Recipes for a family covered over in bok choy.
June 23, 2008 3:50 PM   Subscribe

We got a huge load of bok choy in our CSA last week, and I'm at a loss as to what to do with it outside of stir-fry. Please, no more stir-fry! Bonus points for dishes that could be frozen.
posted by Mimzy to Food & Drink (29 answers total) 10 users marked this as a favorite
posted by arcticwoman at 3:56 PM on June 23, 2008

I always liked steaming bok choy. Good with just a little salt, or some soy, or oyster sauce.
posted by sycophant at 4:07 PM on June 23, 2008

I had a really amazing baby bok choy salad once, I don't have the recipe but allrecipes seems to have a decent one.
posted by hooray at 4:15 PM on June 23, 2008

What about substituting it for cabbage in some Hluski?
posted by stubby phillips at 4:17 PM on June 23, 2008

Cut them in half, brush with sesame oil, throw them on the grill for a few minutes.
posted by mudpuppie at 4:17 PM on June 23, 2008

Shred it and use it to stuff buns/dumplings
Wrap it around any dumpling filling you like and steam
Juice it
Make it into light, clear vegetable broth, serve as is or use as stock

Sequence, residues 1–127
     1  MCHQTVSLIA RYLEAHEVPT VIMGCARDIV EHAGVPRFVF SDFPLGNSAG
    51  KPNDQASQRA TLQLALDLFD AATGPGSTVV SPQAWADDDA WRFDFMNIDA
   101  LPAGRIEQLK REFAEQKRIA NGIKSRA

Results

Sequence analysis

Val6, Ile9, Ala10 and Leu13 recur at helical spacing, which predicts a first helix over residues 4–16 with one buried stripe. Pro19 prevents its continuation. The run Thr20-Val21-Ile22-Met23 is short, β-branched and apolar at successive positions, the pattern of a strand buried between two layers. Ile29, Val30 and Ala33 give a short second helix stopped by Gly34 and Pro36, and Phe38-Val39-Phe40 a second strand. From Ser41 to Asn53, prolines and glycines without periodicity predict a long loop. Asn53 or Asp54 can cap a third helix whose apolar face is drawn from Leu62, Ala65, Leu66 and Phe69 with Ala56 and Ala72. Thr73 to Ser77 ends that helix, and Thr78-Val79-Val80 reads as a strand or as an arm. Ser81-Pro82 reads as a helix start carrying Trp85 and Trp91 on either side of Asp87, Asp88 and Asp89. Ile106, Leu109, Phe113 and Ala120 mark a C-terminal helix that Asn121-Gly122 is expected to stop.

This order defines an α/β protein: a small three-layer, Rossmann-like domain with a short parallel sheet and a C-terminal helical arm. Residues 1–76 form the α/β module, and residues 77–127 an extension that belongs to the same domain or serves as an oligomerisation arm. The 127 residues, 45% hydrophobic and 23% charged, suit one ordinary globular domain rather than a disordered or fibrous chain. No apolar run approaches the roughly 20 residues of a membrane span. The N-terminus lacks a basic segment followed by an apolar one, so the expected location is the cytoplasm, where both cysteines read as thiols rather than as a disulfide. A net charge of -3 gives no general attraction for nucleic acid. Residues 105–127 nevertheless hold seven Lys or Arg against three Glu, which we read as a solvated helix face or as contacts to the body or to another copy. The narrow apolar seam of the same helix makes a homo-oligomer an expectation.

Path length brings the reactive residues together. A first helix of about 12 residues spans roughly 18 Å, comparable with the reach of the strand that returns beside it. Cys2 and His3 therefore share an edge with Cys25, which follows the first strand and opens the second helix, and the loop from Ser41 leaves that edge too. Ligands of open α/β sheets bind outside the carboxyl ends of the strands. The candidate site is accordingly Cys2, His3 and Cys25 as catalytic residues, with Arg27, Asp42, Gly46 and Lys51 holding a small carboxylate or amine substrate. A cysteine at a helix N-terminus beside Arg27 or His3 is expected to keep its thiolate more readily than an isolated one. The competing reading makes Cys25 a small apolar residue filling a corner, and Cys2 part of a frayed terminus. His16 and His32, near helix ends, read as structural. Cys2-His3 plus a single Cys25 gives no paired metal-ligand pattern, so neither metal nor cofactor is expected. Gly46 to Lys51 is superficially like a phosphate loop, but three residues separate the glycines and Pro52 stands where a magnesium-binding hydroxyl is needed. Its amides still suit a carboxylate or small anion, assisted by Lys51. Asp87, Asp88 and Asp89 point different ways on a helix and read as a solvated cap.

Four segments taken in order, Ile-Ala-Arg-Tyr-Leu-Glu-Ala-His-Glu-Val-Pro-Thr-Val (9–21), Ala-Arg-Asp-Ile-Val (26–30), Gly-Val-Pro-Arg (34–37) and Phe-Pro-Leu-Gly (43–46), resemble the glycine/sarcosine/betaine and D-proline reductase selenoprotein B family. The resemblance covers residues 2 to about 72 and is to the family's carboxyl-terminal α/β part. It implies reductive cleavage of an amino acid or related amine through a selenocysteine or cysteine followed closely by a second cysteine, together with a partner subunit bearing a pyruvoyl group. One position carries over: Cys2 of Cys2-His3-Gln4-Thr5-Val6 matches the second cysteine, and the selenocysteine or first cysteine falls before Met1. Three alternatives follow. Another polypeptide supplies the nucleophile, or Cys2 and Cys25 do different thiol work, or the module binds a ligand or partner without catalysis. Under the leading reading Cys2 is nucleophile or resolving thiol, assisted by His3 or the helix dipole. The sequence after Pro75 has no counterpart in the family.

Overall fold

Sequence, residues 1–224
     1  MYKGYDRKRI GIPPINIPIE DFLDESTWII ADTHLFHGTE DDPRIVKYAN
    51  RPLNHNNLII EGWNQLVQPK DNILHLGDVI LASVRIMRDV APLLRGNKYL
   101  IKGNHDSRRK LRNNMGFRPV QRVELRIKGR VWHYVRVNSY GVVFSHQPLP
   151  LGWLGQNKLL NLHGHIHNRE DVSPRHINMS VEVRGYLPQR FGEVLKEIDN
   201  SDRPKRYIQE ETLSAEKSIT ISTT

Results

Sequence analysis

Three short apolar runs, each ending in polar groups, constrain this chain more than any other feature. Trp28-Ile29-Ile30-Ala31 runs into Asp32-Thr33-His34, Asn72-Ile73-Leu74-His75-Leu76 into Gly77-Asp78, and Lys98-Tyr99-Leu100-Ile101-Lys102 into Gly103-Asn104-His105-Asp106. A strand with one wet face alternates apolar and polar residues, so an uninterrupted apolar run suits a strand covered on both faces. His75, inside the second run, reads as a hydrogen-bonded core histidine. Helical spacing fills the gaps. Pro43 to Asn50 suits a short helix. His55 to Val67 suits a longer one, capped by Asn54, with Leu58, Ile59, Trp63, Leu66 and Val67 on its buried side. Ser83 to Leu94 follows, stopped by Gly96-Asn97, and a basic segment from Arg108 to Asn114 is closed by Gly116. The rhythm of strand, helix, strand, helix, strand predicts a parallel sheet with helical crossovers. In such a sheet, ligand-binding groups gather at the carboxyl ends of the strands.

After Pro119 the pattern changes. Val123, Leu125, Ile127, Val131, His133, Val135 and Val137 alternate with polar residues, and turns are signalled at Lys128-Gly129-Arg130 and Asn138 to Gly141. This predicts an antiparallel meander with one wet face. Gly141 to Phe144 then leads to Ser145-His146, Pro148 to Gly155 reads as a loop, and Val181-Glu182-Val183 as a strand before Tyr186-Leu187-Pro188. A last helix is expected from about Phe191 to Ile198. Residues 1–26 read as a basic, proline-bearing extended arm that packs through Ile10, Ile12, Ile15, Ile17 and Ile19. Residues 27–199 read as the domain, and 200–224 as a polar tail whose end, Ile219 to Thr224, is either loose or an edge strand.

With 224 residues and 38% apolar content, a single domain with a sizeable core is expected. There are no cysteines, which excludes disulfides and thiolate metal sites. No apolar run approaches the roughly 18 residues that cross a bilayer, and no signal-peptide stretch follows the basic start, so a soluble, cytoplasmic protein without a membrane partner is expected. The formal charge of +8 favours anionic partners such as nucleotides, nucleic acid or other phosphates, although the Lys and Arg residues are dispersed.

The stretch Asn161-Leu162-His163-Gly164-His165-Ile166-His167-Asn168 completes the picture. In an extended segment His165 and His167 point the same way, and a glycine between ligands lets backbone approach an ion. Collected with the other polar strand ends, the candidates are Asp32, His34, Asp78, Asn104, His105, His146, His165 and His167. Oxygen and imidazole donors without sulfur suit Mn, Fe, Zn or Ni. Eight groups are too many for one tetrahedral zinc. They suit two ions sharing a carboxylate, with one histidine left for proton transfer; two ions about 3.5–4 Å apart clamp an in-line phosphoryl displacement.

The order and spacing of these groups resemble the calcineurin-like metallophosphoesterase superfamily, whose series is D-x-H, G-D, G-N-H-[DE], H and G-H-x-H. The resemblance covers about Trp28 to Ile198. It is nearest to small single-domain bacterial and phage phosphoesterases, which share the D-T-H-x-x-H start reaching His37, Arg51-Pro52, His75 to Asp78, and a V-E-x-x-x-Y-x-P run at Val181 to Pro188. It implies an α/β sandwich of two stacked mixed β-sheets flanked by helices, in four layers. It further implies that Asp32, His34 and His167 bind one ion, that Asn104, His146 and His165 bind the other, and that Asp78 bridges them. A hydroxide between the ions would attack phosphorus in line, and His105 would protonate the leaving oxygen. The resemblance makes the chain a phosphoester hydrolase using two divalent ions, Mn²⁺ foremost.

posted by RogerB at 4:18 PM on June 23, 2008

Cut them in half, brush with sesame oil, throw them on the grill for a few minutes.

This is great. If you don't have a grill , you can do it either on the stovetop in a preheated skillet or (cut side up) under the broiler.
posted by dersins at 4:20 PM on June 23, 2008

Puree the hell out of it in a blender, and it would be great as a thickener/base for some summer gazpacho or any kind of soup.
posted by allterrainbrain at 4:27 PM on June 23, 2008

Usually the default answer for anything weird in the CSA box is 'roast or grill with olive oil and garlic'. Has worked thus far for kolrabi, radishes, beets, some odd looking Japanese eggplant, and green garlic. They turn out delicious, and earned me the reputation of 'foodie' in our local CSA.
posted by msamye at 4:31 PM on June 23, 2008

I find that almost anything tastes better when surrounded by egg and cheese, so I add almost any green to quiche. (This also has the effect of making quiche much healthier.)

Cut into smallish pieces. Saute in olive oil with onions for around 20 minutes, until soft and tasty. Then use it as a layer in a quiche - pretty much any quiche recipe will do. I particularly like it with Emmenthaler cheese.

I also freeze the copious greens from my CSA. Wash well, cut into pieces, dry well. Spread the pieces out on a cookie sheet and freeze for about an hour, until they're crispy. Then put them in a ziploc bag and back in the freezer. No need to thaw - just saute.

Freezing (and the quiche) work well for bok choy, swiss chard, etc.
posted by Capri at 4:44 PM on June 23, 2008

You can also braise it in a pan with chicken stock and butter.